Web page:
Affected babies are born in membrane, a shiny waxy outer layer to the skin. This dries out and is shed 10-14 days after birth, revealing the main symptom of the disease, extensive scaling of the skin caused by hyperkertosis. The majority of collodion babies will develop congenital ichthyosiform erythoderma. However, a small number of these babies will have normal skin once the membrane is shed and, therefore, it is not possible to accurately predict the outcome in the early stages.
With age, the scaling tends to be concentrated around joints in areas such as the groin, the armpits, the inside of the elbow and the neck. The palms and soles are sometimes thickened and scaly and the scales often tile the skin resembling fish scales.
Usually the health of the child is normal, but obviously some problems may arise with their appearance when starting school and during teenage years.
The less common form of congenital ichthyosiform erythoderma is Lamellar Ichthyosis. This is different in that the skin is less red but the scaling is larger, perhaps darker and more adherent or stuck down.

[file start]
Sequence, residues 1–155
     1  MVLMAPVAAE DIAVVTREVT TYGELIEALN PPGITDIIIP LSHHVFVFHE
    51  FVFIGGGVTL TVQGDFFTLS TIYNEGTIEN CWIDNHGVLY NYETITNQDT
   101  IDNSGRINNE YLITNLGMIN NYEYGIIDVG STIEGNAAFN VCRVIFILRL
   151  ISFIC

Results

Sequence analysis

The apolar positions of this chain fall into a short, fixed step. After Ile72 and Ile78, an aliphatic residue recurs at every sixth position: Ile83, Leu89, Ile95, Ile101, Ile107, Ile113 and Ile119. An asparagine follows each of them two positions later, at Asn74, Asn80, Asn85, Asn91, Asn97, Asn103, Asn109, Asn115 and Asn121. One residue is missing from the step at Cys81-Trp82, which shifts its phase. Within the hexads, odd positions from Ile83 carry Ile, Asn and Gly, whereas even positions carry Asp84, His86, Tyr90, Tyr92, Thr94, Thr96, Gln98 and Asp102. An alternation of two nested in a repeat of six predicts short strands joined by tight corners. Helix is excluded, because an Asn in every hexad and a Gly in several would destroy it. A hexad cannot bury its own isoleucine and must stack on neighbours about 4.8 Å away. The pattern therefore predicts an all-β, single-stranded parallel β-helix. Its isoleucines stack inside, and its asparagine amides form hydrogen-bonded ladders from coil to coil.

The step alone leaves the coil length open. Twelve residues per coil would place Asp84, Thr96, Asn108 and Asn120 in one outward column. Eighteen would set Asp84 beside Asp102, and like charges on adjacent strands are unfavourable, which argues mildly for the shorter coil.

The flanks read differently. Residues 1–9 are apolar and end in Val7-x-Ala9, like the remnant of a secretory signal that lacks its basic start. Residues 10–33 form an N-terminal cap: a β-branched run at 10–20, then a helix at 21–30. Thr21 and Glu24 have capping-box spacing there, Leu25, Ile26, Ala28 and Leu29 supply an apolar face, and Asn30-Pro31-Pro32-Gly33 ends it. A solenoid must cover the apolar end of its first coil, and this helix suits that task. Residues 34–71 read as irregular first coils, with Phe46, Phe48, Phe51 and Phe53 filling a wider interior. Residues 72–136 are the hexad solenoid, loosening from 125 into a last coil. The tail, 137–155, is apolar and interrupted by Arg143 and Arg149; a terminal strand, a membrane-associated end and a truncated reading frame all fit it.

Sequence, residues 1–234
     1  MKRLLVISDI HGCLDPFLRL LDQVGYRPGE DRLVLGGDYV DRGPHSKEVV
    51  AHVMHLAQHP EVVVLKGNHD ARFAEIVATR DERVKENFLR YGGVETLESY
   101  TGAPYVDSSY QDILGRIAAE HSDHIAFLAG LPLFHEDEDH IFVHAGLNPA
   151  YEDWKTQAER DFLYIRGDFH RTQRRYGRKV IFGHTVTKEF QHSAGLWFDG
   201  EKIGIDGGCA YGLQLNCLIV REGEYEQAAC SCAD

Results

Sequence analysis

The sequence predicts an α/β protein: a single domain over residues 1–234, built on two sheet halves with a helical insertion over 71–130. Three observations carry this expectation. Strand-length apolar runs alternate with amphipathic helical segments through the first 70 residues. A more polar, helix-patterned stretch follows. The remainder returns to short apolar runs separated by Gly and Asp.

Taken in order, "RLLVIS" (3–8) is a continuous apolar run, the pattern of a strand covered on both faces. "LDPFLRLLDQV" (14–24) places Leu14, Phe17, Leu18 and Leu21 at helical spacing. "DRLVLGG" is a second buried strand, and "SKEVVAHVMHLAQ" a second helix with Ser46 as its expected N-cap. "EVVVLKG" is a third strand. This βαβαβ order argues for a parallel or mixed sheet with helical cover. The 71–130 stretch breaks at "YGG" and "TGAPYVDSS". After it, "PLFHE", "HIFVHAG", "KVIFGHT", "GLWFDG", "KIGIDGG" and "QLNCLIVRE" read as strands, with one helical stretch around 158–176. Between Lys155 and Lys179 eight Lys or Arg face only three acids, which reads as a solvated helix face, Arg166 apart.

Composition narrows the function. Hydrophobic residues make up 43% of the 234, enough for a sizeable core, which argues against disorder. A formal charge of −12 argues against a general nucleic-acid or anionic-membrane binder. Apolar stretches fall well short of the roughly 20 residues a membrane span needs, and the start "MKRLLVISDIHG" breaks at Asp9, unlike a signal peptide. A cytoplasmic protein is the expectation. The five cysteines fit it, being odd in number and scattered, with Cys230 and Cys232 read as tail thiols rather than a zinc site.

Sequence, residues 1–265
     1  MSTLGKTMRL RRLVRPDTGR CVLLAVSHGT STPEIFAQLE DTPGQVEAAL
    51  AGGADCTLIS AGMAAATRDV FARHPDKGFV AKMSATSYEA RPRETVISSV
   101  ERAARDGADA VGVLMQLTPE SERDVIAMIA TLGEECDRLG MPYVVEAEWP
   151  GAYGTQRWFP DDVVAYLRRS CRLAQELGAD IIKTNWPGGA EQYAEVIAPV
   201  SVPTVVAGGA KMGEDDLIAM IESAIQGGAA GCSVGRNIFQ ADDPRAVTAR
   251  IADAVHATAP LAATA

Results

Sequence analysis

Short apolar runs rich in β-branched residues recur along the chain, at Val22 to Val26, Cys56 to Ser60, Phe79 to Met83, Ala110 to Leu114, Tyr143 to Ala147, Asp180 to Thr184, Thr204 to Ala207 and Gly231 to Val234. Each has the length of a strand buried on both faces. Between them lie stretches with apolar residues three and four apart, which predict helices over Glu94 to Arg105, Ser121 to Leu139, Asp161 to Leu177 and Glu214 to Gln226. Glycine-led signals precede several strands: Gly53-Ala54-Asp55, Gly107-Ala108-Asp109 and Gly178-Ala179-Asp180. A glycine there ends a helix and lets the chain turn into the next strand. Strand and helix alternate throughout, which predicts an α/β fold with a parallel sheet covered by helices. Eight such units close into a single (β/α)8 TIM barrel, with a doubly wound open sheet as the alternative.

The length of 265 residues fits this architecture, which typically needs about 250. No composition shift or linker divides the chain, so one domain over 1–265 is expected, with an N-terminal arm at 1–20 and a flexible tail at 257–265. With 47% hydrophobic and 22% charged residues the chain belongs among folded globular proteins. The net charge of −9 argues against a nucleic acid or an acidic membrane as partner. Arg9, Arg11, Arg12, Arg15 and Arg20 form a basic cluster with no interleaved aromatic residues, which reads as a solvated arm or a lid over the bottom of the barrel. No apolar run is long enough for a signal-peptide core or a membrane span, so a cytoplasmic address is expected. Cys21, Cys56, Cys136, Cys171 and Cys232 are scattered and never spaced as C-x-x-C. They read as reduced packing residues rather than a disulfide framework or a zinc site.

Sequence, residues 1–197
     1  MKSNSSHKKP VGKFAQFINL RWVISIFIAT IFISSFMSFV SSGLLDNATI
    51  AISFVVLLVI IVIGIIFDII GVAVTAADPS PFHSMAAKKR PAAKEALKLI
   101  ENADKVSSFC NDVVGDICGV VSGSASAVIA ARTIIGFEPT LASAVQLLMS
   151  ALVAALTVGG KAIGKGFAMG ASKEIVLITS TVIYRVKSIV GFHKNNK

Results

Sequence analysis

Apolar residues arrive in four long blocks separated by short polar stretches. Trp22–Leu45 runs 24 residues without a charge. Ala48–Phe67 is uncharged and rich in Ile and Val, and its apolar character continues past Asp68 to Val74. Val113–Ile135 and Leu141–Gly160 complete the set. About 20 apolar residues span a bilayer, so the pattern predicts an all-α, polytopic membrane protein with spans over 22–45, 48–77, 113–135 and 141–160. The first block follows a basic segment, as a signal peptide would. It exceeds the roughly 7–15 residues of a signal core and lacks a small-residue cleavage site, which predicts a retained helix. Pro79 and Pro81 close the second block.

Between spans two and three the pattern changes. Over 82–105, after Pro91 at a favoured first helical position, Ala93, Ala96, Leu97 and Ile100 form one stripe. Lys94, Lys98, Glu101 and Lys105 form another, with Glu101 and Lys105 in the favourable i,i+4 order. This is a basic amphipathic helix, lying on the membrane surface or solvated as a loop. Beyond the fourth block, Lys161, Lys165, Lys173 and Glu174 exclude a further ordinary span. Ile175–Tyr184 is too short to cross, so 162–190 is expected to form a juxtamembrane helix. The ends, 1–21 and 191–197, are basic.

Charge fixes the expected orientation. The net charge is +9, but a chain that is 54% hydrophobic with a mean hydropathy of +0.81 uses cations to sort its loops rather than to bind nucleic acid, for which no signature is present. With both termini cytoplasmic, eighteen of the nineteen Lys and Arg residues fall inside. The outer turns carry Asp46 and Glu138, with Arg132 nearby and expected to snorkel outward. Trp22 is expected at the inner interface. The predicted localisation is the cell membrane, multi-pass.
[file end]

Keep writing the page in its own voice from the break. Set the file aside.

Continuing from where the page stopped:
These two conditions are passed on by parents with normal skin who both carry the abnormal gene (autosomal recessive) and the risk of a further child being affected is 1 in 4. They can be diagnosed
on a skin biopsy from the foetus taken (between 18 - 20 weeks) halfway through a pregnancy, if the parents which to know but there is no way of preventing them before conception, as the abnormal gene has not yet been identified.